UPDATE 2-Deutsche Bank posts $3.5 bln loss to pay for clean-up
* Q4 pretax loss 2.6 bln euros
* Takes goodwill impairment of 1.9 bln euros
* Quarterly results hit by 1 bln euro litigation charge
* Tier one capital ration improves to 8 pct
* Shares up 0.7 percent
(Adds CFO comments, analyst reaction)
FRANKFURT, Jan 31 (Reuters) - Deutsche Bank posted a $3.5 billion quarterly loss as it took legal and restructuring charges aimed at drawing a line under past scandals and boosting its capital position in a tougher regulatory and trading environment.
Germany's biggest lender, which said in December it would take a "significant" restructuring charge, said on Thursday it made a fourth-quarter pretax loss of 2.6 billion euros ($3.5 billion).
The bank said its priority was to build up a better safety cushion, cutting back on risky assets to free up capital.
Its core tier one capital ratio under Basel III rules rose to 8 percent at the end of 2012, from under 6 percent at the end of 2011, a move that helped dispel investor doubts about the need for a fundraising.
"The most important message is that there will be no capital hike," said Guido Hoymann, an analyst at Metzler Securities.
"The positive surprise is that Deutsche Bank's core tier 1 ratio jumped to 8 percent in the fourth quarter and they could now achieve 9-9.5 percent by year-end 2013 and comply with Basel III fully ... well ahead of deadlines."
Banks across the world are slashing costs and selling or writing off weaker assets in a bid to meet tougher regulations aimed at preventing a repeat of the 2008 financial crisis.
Many, including Deutsche Bank, are also battling to rebuild their reputations while being investigated for scandals such as the manipulation of benchmark interest rates.
A LONG JOURNEY
Strong operating results were overshadowed by a 1.9-billion-euro goodwill impairment to pay for Deutsche Bank's new divisional structure and to hive off underperforming assets into a "non-core" unit, where they could be either run down or sold.
The bank also announced 1 billion euros in litigation charges in the fourth quarter, reflecting "adverse court rulings and developments in regulatory investigations."
In volatile trading, Deutsche Bank shares were up 0.7 percent at 37.4 euros by 0850 GMT.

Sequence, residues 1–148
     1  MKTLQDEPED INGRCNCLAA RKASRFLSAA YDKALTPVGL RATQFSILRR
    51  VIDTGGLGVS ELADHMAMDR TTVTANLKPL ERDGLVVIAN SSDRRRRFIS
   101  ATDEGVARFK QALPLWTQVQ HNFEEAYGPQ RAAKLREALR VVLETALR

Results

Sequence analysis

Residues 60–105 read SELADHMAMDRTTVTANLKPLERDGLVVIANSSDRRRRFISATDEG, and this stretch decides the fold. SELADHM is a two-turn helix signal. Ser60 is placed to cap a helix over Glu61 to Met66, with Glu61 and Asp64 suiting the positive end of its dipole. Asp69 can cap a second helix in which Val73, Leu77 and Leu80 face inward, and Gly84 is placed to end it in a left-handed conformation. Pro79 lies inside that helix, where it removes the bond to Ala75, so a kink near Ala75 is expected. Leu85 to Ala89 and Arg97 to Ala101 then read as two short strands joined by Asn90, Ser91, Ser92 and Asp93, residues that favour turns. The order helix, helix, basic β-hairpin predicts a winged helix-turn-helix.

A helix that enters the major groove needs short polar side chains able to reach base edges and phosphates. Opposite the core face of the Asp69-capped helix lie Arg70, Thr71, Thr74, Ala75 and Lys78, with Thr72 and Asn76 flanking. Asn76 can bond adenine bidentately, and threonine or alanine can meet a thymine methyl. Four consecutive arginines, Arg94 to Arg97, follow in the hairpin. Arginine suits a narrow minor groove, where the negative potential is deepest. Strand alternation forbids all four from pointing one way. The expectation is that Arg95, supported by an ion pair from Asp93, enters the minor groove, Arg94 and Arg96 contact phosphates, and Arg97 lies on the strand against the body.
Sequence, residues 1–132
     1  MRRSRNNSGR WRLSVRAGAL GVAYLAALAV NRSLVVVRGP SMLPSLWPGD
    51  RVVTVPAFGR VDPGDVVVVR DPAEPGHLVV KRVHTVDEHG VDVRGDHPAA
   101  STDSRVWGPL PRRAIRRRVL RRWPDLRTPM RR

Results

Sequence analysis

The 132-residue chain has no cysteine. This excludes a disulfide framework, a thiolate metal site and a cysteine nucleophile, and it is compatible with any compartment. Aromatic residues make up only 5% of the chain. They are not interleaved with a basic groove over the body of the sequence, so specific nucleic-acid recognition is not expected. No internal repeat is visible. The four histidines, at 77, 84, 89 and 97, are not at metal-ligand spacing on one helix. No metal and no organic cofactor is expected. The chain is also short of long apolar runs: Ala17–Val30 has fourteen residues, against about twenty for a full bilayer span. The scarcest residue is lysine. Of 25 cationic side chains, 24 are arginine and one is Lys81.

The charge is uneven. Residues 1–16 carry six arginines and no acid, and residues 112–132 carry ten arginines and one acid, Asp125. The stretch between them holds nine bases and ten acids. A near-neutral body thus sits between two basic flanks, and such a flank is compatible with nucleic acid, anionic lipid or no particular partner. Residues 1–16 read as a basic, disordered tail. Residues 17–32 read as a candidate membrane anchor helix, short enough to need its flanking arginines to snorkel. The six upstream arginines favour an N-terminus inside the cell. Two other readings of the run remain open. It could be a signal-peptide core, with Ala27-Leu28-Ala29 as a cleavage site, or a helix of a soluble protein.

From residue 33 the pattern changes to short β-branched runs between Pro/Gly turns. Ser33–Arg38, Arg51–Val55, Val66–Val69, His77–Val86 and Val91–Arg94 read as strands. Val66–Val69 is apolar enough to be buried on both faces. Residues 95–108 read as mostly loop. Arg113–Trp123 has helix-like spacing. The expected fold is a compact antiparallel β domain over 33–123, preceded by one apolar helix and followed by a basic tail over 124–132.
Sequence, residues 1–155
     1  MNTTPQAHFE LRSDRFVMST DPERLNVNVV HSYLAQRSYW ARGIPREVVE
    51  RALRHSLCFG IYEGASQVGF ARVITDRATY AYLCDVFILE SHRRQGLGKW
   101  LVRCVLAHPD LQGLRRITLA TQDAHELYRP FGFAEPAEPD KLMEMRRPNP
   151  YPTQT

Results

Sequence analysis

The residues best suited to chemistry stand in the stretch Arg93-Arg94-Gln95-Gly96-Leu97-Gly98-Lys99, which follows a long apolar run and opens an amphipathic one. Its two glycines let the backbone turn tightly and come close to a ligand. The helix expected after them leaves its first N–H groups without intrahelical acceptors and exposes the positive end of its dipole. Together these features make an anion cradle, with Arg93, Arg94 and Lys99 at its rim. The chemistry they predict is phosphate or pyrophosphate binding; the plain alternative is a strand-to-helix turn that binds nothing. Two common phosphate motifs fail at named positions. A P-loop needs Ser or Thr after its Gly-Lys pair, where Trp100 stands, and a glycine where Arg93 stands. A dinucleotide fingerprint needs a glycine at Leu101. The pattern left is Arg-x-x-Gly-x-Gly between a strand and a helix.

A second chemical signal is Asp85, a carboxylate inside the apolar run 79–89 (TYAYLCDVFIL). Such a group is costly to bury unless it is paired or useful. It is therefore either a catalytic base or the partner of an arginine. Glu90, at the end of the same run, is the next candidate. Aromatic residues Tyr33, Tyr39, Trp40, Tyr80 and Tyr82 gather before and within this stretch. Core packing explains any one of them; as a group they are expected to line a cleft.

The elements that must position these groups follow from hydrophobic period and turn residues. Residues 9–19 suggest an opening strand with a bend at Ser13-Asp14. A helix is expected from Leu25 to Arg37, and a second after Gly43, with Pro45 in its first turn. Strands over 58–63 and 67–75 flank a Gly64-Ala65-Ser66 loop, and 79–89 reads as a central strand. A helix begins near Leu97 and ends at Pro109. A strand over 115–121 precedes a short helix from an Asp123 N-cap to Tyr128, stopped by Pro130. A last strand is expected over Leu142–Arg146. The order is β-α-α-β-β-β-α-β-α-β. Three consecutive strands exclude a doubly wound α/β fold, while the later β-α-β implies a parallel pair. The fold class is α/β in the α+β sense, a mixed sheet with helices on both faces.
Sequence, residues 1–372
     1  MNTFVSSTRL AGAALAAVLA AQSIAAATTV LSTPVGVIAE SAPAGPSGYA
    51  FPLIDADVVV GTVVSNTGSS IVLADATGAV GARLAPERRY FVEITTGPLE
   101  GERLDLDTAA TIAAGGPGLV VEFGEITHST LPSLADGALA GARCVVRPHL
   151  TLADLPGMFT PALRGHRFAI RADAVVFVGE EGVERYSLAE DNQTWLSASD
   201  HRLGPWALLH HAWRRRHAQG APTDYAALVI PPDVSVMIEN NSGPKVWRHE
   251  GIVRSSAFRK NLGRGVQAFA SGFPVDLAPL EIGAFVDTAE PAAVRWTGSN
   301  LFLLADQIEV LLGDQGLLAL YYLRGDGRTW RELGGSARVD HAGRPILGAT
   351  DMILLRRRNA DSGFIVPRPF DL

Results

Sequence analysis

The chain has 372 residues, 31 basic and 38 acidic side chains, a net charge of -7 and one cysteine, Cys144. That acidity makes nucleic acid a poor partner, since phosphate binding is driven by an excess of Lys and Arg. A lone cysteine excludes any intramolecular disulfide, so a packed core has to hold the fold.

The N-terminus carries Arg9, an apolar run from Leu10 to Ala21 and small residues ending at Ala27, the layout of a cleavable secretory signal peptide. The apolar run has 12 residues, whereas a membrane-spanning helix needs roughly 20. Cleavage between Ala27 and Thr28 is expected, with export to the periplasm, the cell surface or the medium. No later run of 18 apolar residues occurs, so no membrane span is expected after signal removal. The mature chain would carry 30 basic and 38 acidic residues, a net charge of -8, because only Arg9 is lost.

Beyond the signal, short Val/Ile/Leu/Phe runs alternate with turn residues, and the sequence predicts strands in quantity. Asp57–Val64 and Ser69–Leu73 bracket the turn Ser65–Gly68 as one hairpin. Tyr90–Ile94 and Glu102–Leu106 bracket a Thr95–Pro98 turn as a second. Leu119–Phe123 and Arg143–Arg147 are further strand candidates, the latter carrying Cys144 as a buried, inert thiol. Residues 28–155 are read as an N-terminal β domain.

"There is the hope that the bank has packed all the bad news into 2012 and can now start afresh in the new year," said one Frankfurt trader.
Deutsche Bank said the new non-core division would house 125 billion euros worth of assets that either eat up too much capital or fail to throw off sufficient profits.
Much of the impairment was due to revaluing those assets, with the bulk - 1.2 billion euros - attributable to the corporate banking and securities unit (CB&S), its main investment banking arm and traditionally a strong performer.
CB&S posted a quarterly pretax loss of 548 million euros.
"We embarked upon the path of deliberate but sometimes uncomfortable change in order to deliver long term, sustainable success for the bank. Simultaneously, we set the bank on course for fundamental cultural change," co-chief executives Juergen Fitschen and Anshu Jain said.
"This journey will take years, not months," they added.
Chief Financial Officer Stefan Krause played down the legal problems, saying peers had similar issues. "The tale of legal liabilities is fairly typical," he told analysts. "The regulatory and litigation environment remains challenging."
Analysts had expected Deutsche Bank to report a fourth-quarter pretax profit of 116 million euros, the average of seven estimates in a Reuters poll of banks and brokerages showed. It was not immediately clear whether the analyst estimates had factored in goodwill impairments.
The bank's net loss for the quarter was 2.2 billion euros.
Since the end of 2011, the bank has reduced headcount by 2,777, the results showed. The group is in the midst of a restructuring drive designed to achieve annual cost savings of 4.5 billion euros by 2015.
($1 = 0.7370 euros)
(Reporting by Edward Taylor Arno Schuetze and Jonathan Gould; Editing by Victoria Bryan and Mark Potter)